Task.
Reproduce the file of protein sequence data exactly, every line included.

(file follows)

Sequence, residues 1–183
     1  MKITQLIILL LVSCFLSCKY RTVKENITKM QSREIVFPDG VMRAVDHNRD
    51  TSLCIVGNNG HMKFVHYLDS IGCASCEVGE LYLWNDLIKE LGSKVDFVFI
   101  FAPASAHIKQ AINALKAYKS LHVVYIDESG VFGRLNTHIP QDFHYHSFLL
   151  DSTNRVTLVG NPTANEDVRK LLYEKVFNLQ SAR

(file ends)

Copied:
Sequence, residues 1–183
     1  MKITQLIILL LVSCFLSCKY RTVKENITKM QSREIVFPDG VMRAVDHNRD
    51  TSLCIVGNNG HMKFVHYLDS IGCASCEVGE LYLWNDLIKE LGSKVDFVFI
   101  FAPASAHIKQ AINALKAYKS LHVVYIDESG VFGRLNTHIP QDFHYHSFLL
   151  DSTNRVTLVG NPTANEDVRK LLYEKVFNLQ SAR